Starting in 2023, Washington employers with 15+ workers will be required to post wage scale or salary range information in all job postings, as well as benefits and other compensation. Until that time, job applicants will need to request it themselves.
Am I required to share my wage and salary history with a prospective employer?
No. Employers cannot ask you for your wage or salary history, nor can employers require that an applicant’s prior wage or salary history meet certain criteria. You can choose to share your wage or salary history to prospective employers if you want.
Consequences for Violating Equal Pay Laws
There’s no good excuse for employers not to follow the law – they will not only be responsible for paying fines and damages to the wronged employee, but it will also hurt their reputation and business. Unfortunately, this doesn’t always stop employers from discriminating against their employees and violating their rights.
How do I report a violation of EPOA?
You have two options when it comes to reporting a violation of the Washington EPOA: report the violation to the Washington Department of Labor and Industries (L&I) or hire an attorney and file a civil suit. There are pros and cons to both options.
Reporting an EPOA Violation to L&I
To report the violation to L&I, you must complete a complaint form and send it to them. You will also need to include additional documentation and evidence of the violation. This can include paystubs, emails, texts, or official correspondence. After receiving your complaint, they will investigate your employer and determine if there is a violation and fine them as necessary.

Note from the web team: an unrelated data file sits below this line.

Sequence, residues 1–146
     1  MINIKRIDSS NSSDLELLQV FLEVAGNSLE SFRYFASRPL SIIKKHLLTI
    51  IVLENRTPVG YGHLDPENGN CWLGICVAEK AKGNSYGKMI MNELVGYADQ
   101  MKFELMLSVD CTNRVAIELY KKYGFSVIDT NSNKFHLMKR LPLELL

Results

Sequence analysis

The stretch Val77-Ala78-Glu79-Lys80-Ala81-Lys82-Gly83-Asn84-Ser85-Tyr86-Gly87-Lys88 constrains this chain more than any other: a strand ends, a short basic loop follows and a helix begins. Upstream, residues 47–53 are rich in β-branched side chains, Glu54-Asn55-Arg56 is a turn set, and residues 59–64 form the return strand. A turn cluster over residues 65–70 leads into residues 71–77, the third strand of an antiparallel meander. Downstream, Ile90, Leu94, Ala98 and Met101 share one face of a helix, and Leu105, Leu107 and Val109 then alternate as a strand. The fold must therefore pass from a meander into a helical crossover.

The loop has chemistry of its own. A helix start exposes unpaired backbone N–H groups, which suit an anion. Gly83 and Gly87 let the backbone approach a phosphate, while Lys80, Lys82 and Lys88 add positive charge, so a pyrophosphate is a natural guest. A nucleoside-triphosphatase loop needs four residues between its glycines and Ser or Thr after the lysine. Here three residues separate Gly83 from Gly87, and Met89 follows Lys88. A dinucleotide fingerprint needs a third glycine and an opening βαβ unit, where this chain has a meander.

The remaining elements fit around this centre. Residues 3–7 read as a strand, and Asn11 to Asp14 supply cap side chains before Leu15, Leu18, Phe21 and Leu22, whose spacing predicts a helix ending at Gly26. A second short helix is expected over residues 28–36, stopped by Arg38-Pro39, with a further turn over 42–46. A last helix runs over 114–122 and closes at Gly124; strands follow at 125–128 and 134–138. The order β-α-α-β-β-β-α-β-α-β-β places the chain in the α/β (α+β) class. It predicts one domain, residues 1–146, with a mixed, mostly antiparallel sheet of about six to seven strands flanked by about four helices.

Mail your complaint form and documentation to the following address or drop it off at your nearest L&I office:
Department of Labor & Industries
PO Box 44510
Olympia, WA 98504-4510
While L&I is the official government body for handling EPOA violations, the wheels of bureaucracy often turn slowly, and it could be a long time before any decisions are made. L&I will try to collect any money owed to you by your employer, but they make no promises they will be able to collect it. Additionally, L&I has to notify your employer that you filed a complaint, which could make things at work uncomfortable if you’re still working for that employer. Retaliation is illegal, but again, that doesn’t always stop people from acting irrationally and lashing out.
Hiring an attorney and filing a civil suit
If you don’t want to file a complaint with L&I, you can always hire an experienced employment attorney to help you sue your employer instead. In a civil lawsuit, the plaintiff (you) may be awarded damages, interest, statutory penalties, costs, and attorney fees. To determine whether you have a case, you will also need to submit the same documentation and evidence to your attorney.
One thing to note about filing a lawsuit for an EPOA violation: if you decide to sue your employer in civil court, L&I is not allowed to get involved as soon the legal documents are filed. Filing a lawsuit may yield better results, but you won’t be able to change your mind once it’s filed.
Why Choose Emery Reddy?
If you believe your rights have been violated under the Washington Equal Pay and Opportunities Act, call the employment attorneys at Emery Reddy for a free case consultation. Talking to an attorney before contacting L&I will help you understand all of your options are and make the best choice for your situation.
Standing up to an employer who violated your rights can often feel scary and overwhelming, but it doesn’t have to be. With more than two decades’ worth of experience on both sides of the table, we know what it takes to hold employers accountable. We’ve won tens of millions of dollars for clients dealing with workers’ rights violations. Find out how we can help you too – call our legal team now to find out if you have a case and what options are available.